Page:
Yana Dadiomova ‘00 had no problems dropping her hyphenated course at the end of the first semester of this year. After being accepted into the Mount Sinai Humanities for Medicine Program, Dadiomova was required to drop the second half of her Organic Chemistry course. Dadiomova explained she had to fill out a form, get it signed by the Chair of the Chemistry Department, and then return it to the Registrar. “My experience was the easiest thing I’ve ever done. I thought there would be more red tape, but it was really very easy.”
Sean Connor ‘01 has had no problems so far with his hyphenated Latin course. “There haven’t been any real headaches about people needing to drop or worrying about credit.” However, he added, “If it’s true that if you drop you don’t get credit for the first semester, I think that’s a little ridiculous. If you’ve completed a semester, you deserve some sort of credit for that.”
Professor of Classics Charles Fuqua said, in the past, courses at Williams were much more structured than they are today. It used to be common, for example, to require the completion of History classes one through eight. Similarly, English, political science, and economics major courses were much more structured than they are currently. Fuqua explained there was a switch in the early 1960s towards more electives and a looser educational structure. “I think now people are beginning to move back again towards putting more structure into the curriculum.”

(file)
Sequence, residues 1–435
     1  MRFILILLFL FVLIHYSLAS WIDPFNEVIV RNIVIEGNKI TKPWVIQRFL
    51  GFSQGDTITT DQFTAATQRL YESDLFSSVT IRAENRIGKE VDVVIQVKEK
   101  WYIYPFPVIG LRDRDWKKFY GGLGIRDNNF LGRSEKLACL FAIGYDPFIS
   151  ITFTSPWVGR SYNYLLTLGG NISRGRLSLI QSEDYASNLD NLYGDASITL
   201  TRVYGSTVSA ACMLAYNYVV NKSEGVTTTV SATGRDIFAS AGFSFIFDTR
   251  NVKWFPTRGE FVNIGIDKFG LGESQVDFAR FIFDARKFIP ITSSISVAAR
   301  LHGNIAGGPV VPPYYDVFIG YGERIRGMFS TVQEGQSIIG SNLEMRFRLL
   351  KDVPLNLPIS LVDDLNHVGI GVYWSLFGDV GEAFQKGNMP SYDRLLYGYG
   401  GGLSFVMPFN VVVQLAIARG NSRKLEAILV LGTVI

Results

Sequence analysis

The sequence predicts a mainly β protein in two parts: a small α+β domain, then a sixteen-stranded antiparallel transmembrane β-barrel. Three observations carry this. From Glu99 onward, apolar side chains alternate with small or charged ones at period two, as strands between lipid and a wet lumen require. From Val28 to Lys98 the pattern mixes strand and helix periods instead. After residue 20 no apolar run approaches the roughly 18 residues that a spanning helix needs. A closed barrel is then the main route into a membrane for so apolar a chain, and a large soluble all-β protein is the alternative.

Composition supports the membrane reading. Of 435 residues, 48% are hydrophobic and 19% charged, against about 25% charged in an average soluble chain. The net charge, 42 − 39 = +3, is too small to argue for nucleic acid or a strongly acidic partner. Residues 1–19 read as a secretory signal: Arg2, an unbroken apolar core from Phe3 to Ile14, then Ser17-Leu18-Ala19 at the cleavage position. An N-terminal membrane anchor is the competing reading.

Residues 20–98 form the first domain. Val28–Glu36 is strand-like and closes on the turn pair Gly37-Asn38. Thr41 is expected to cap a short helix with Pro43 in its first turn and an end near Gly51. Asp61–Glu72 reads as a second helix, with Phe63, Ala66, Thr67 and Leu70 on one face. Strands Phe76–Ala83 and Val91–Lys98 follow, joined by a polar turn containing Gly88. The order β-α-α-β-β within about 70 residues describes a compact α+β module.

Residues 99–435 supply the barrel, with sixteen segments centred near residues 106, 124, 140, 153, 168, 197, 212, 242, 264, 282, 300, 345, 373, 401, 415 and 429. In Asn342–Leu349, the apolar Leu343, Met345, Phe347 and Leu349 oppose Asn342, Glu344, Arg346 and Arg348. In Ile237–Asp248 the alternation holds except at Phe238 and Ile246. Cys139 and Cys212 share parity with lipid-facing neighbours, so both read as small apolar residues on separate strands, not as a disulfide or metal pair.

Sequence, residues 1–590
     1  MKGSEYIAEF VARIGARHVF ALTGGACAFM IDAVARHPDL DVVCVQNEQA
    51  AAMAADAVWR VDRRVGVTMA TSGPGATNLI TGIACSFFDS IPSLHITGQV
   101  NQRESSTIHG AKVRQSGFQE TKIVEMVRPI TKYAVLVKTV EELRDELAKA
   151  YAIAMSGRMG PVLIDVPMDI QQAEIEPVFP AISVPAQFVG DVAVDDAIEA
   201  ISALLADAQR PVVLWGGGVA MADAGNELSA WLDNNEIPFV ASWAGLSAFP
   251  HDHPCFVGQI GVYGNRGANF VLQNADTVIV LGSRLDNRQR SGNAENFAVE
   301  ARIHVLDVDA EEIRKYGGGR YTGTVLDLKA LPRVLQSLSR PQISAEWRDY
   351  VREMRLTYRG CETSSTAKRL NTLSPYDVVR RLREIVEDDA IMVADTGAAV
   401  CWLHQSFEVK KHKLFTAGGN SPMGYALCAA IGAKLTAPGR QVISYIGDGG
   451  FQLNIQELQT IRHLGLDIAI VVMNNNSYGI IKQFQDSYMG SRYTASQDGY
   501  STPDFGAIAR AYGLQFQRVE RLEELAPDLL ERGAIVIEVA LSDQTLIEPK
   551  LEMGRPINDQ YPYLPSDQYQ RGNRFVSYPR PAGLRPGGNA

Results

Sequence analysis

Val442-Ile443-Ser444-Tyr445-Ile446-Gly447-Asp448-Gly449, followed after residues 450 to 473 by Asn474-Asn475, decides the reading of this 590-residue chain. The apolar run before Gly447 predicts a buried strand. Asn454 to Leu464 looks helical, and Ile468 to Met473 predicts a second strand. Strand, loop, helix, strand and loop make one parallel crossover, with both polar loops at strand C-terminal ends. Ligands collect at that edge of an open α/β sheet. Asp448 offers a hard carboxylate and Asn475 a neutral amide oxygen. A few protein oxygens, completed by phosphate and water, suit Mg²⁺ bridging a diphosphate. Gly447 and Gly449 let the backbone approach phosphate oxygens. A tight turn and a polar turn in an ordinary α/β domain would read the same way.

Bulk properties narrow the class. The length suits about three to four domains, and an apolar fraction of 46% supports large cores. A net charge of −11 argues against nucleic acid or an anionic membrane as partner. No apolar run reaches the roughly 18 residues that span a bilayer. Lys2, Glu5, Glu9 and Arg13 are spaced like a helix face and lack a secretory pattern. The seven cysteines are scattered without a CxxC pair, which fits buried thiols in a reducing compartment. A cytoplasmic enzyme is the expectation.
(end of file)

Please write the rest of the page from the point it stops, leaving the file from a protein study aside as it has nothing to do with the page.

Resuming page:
Fuqua explained the educational value of the hyphenated course structure in such elementary courses as Latin and Greek. In Latin, for example, students have learned only one type of complex sentence by the end of the first semester. It is not until the end of the second semester that they are able to read the second book of the Aenead.
Concerning courses at Williams in general, Fuqua said, “I think we could use a little more shape. But shape doesn’t necessarily mean control.” He added, “I don’t think we have to get rid of hyphenated courses, but I think, in the context of my own department, that we could look into better administration of them. We could also think more about what we’re trying to accomplish in administrating something.” Fuqua distinguished between the educational purpose of the hyphenated course and the way it is used administratively. He said in the future the Classics department will look more closely at the way hyphenated courses are used.
Associate Professor of German Gail Newman believes there is an educational value in the hyphenated course and that it should be taken seriously by students and departments alike. “Students should be aware from the beginning that taking a hyphenated course involves a particular kind of commitment, just as they are aware in other sorts of courses that other sorts of special commitments are involved.” Newman says she believes there may be some appropriate cases for a student to drop the second semester of a course, but the decision should be given serious thought. She added, “I don’t think it’s necessary either for the hyphen to be eliminated, or for it to be strictly enforced across the board in order to achieve some abstract ideal of equity.”
On the current situation of hyphenated courses, Edwards said, “Right now with the way it is, you could take a course in the fall and if you decide not to take the second half of it in the spring you don’t get credit for the work you’ve done. That seems to me to be unfair.” He added, “At the same time, it’s important to signal that pedagogically to get the most out of a course you should take it over a full year and plan ahead.”
In her speech at the faculty meeting, Swann made it clear that CEP is now looking to the faculty for input into the future of hyphenated courses.